“The hope amongst Barca fans was that Guardiola would become the Catalan Sir Alex Ferguson, although I think you have no less than 1,000 differences between Guardiola and Ferguson. Guardiola left Barca in the best moment of its whole history. It left a lot of people angry and sad. Now a lot of people are saying it wasn’t ‘Pep’s team’, which was the main nickname of that team in those days, but ‘Messi’s team’ because Barca has kept winning things after Pep left the Camp Nou, which is true but Guardiola was the first coach to build the team around Messi.”
After an underwhelming first season in charge at Man City, Guardiola has picked up two trophies this season. He has, however, come up short again in the Champions League, going out in the knockout stages for his sixth season in a row as a manager, which includes three semi-final defeats with Bayern Munich. It has given his critics another stick to beat him with, a blot on an otherwise incredible CV—he has amassed 23 trophies during his managerial career, according to Diario Sport.
Perarnau says it is mistake to judge Guardiola harshly for failing to win—often with fancied squads—the Champions League since 2011. “Football is the most uncertain sport there is—the one that admits the least amount of assurances and certainties,” he says. “In a league competition, the high number of matches moderates this factor, but in the Champions League it is always a toss-up and any small detail changes your destiny. Why has Barcelona, with Leo Messi in its ranks, not managed to win the Champions League every year? For the same reason: because successes or individual errors in the Champions League are uncontrollable. No coach has been able, can or will ever reduce those errors to zero.”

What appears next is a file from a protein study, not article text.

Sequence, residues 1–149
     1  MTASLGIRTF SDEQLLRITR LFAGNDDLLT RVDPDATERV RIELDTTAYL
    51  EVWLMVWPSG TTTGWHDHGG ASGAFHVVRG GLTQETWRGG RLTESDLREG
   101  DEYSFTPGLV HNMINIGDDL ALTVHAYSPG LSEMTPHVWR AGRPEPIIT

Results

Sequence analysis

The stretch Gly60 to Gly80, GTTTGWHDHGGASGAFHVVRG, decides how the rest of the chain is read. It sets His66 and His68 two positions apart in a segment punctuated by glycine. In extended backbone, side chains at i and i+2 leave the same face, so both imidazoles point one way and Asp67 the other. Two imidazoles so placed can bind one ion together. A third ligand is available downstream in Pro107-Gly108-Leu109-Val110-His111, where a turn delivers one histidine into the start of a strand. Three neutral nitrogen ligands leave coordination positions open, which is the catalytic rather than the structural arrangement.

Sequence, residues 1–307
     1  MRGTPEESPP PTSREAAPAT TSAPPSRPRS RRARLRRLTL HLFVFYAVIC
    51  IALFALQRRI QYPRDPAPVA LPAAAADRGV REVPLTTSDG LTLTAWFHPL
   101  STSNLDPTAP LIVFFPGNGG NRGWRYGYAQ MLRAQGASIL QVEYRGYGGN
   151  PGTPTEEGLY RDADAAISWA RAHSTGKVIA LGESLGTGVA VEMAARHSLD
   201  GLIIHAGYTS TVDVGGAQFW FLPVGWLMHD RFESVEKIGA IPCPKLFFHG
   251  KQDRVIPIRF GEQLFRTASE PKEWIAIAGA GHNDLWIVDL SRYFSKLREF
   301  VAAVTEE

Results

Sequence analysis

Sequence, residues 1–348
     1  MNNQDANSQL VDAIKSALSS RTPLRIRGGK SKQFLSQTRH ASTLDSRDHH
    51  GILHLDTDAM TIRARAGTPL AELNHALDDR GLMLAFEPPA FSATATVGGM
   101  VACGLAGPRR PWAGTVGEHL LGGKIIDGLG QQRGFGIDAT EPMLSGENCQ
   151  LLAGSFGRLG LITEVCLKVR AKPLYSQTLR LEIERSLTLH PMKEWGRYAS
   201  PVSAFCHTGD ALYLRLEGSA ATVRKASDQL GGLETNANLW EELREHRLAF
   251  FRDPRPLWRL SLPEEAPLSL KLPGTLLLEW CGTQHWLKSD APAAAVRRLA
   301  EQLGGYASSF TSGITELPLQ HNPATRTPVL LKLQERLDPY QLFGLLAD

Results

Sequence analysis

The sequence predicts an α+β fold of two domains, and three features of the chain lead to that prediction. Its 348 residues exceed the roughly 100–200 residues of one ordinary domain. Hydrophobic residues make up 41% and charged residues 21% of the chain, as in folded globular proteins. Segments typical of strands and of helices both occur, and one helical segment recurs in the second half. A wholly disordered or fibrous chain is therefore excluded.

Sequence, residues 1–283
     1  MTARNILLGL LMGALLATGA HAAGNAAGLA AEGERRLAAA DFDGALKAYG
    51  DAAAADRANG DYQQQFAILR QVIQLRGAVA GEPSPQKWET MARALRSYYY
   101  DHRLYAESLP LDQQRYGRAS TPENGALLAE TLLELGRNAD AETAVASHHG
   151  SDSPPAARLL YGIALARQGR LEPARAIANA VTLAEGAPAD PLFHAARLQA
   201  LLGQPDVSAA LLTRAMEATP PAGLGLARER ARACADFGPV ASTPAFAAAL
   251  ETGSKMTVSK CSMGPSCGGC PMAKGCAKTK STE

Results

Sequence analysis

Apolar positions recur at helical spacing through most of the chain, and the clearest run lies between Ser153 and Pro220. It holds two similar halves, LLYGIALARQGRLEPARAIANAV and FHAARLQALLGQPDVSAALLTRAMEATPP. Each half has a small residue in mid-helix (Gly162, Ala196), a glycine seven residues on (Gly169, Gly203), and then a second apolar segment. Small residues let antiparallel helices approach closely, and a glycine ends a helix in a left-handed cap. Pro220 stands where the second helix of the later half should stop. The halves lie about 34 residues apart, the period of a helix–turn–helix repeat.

It is a call for reason that is endorsed by Lagunas. He cites Roberto Di Matteo’s improbable Champions League victory as coach of Chelsea in 2012, a glorious interlude in an otherwise inglorious managerial career.
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“In 50 years, no one will remember Di Matteo,” he says. “I don’t know if Guardiola will win another Champions League trophy, but if someone is writing a book about the history of football in 50 years, Guardiola will have to be mentioned in it. In the same way that today, we still remember the Hungary team from 1954 or the Holland team that didn’t win the World Cup in 1974.
“When I was young, you counted the titles that managers won, not the titles that managers lost. Of course, Guardiola was coaching Bayern Munich, which was a favourite for the competition, as a five-time winner of it, but he was always in the semi-finals; last year, Bayern was not in the semi-finals.
“Manchester City is a different story. How many players have won the Champions League and are right now in the Manchester City squad? What’s the record of Manchester City in European football over the last 30 years? You have to change a lot of things at City, and he’s changing a lot of things. He changed a lot of things before at Barca and in Germany, which was a country unused to the footballing culture of Pep Guardiola. So in England, pay attention.”
All quotes and information obtained firsthand unless otherwise indicated.